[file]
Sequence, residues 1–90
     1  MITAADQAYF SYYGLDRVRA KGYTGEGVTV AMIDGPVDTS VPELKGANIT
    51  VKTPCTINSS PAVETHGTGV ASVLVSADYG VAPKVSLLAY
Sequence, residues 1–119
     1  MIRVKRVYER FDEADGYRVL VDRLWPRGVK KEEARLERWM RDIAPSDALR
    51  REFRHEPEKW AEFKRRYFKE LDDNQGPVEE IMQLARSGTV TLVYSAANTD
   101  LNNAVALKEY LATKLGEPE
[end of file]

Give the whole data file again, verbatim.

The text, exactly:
Sequence, residues 1–90
     1  MITAADQAYF SYYGLDRVRA KGYTGEGVTV AMIDGPVDTS VPELKGANIT
    51  VKTPCTINSS PAVETHGTGV ASVLVSADYG VAPKVSLLAY
Sequence, residues 1–119
     1  MIRVKRVYER FDEADGYRVL VDRLWPRGVK KEEARLERWM RDIAPSDALR
    51  REFRHEPEKW AEFKRRYFKE LDDNQGPVEE IMQLARSGTV TLVYSAANTD
   101  LNNAVALKEY LATKLGEPE